Snap back at GOP sniping
Ever since Barack Obama assumed the presidency just days short of a year ago, his administration's marching orders have been to seek bipartisanship. A substantial part of his instructions has been to look ahead, not back, in striving to move the country in that direction.
In so saying, Obama dashed cold water on the zeal of many fellow Democrats to revisit the previous eight years under a Republican president, and particularly that predecessor's radical foreign policy that plunged the country into a diversionary and unnecessary war in Iraq.
But a backward look would also remind us that George W. Bush in 2001 inherited a tidy $236 billion surplus in the federal budget, which he built into a $1.3 trillion deficit to leave on Obama's doorstep.
If turning the other cheek was part of the new administration's hopes to achieve a modicum of support from the Republicans in Congress, it was quickly shown to be a futile effort. The GOP ranks on Capitol Hill immediately started marching in lockstep against Obama's agenda, and essentially have never halted.
The Republicans, since the first days of the Obama presidency, have thumbed a collective nose at his naive bipartisan dreams. This has been especially so in the Senate, where they have threatened filibuster against virtually every key Obama initiative, forcing Senate Majority Leader Harry Reid to scratch for 60 Democratic votes each time.
Finally, apparently, the snub has become too much for Obama's chief strategist, David Axelrod. In a rare editorial mano a mano of political gurus, on Friday he took Republican counterpart Karl Rove for a stroll down the forbidden memory lane.
A few days earlier, Rove had written in the Washington Post that the Democratic majority in Congress would "run up more debt by October than Bush did in eight years."
Axelrod replied in the same newspaper that Rove was all wet, noting the deficit that Rove's boss had unloaded on Obama by the end of the Bush-Rove era.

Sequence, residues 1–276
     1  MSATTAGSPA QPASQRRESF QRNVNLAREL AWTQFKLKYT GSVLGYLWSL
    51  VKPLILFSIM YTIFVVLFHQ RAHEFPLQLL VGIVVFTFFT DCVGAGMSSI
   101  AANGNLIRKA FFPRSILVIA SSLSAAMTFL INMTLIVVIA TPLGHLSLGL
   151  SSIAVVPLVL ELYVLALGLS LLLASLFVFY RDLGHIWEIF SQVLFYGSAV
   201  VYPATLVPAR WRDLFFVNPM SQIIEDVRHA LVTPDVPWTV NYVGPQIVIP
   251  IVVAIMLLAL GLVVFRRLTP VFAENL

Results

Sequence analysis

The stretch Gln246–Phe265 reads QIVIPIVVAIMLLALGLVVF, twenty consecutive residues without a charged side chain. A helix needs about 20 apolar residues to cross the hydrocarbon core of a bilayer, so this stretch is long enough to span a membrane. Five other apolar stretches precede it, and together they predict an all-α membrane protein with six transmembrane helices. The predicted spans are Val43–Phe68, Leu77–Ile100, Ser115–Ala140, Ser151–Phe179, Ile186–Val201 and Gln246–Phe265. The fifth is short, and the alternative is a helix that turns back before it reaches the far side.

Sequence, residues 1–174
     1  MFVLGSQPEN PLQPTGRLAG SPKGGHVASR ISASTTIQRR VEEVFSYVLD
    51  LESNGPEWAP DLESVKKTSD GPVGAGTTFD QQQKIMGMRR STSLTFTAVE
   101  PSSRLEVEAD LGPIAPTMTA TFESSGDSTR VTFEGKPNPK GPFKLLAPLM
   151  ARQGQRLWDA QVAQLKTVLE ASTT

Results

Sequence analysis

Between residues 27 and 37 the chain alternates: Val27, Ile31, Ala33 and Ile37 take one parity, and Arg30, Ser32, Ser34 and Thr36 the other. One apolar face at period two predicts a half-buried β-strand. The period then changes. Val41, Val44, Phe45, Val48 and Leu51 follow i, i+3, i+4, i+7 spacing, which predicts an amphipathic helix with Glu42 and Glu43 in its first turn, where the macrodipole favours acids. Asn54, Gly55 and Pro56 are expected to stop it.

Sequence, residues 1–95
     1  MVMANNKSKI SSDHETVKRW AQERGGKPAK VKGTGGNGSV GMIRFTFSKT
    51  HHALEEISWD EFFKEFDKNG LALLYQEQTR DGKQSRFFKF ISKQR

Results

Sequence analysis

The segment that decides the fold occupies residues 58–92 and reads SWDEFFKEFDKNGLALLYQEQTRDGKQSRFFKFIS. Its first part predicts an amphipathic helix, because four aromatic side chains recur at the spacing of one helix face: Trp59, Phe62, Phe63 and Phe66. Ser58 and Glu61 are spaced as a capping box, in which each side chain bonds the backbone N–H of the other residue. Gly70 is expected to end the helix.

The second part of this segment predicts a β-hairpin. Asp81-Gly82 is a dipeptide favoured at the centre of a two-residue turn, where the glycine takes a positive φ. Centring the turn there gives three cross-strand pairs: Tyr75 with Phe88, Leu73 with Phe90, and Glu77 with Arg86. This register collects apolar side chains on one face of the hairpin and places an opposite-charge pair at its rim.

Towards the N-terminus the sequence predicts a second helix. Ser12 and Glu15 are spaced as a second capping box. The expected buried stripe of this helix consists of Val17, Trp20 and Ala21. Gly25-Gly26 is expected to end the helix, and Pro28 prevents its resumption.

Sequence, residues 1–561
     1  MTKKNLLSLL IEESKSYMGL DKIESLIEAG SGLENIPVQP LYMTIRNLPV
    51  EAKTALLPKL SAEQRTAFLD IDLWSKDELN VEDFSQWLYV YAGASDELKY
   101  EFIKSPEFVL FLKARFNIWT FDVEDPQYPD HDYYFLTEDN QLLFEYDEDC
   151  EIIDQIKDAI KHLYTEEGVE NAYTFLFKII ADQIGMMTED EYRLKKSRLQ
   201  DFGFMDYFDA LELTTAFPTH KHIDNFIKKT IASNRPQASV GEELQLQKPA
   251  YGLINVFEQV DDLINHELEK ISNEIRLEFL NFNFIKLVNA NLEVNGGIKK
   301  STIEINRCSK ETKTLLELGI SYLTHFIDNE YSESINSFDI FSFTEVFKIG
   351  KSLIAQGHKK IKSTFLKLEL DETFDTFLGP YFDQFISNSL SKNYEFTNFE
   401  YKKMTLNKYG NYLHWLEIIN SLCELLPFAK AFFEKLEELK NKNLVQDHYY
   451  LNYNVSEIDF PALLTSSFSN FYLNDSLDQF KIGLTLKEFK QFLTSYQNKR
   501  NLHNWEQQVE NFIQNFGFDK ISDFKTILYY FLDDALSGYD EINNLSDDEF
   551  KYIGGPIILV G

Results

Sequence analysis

Not only that, Axelrod wrote, "the Bush administration passed two major tax cuts skewed to the wealthiest Americans, enacted a costly Medicare prescription-drug benefit and waged two wars, without paying a penny for any of it."
He went on: "To put the breathtaking scope of this irresponsibility in perspective, the Bush administration's swing from surpluses to deficits added more debt in its eight years than all the previous administrations in the history of our republic combined."
For once, the message master of the Obama team was violating its own message to the faithful not to waste time reminding voters of Bush's past sins.
It's all well and good, as in the old Johnny Mercer lyric, to accentuate the positive, but politically it's often unwise to eliminate the negative, when retelling it explains so much about the deep hole Obama has been obliged to dig himself out of over the last year.
As Axelrod reminded readers in his rebuttal of Rove, it was Bush, not Obama, "who signed into law the $700 billion Troubled Asset Relief Program bailout for banks" required to rescue Wall Street and the American economy in the wake of failed regulation of the financial industry.
Obama has been scrambling ever since in the wake of mounting Tea Party protests against the bailouts and scandalous executive bonuses on Wall Street, now entering a second round of obscenities.
Only the other day, Obama proposed a new tax on the industry that was the heaviest recipient of TARP bailouts until, as he put it, the American people get back "every single dime" they shelled out, something that could take 10 or 12 years.
What happened in the eight years before Obama moved into the White House has held him and his agenda hostage on several fronts.
It has been political folly for his administration not to remind voters of that fact, especially as the November congressional elections could cost him the majority he needs to move that agenda forward.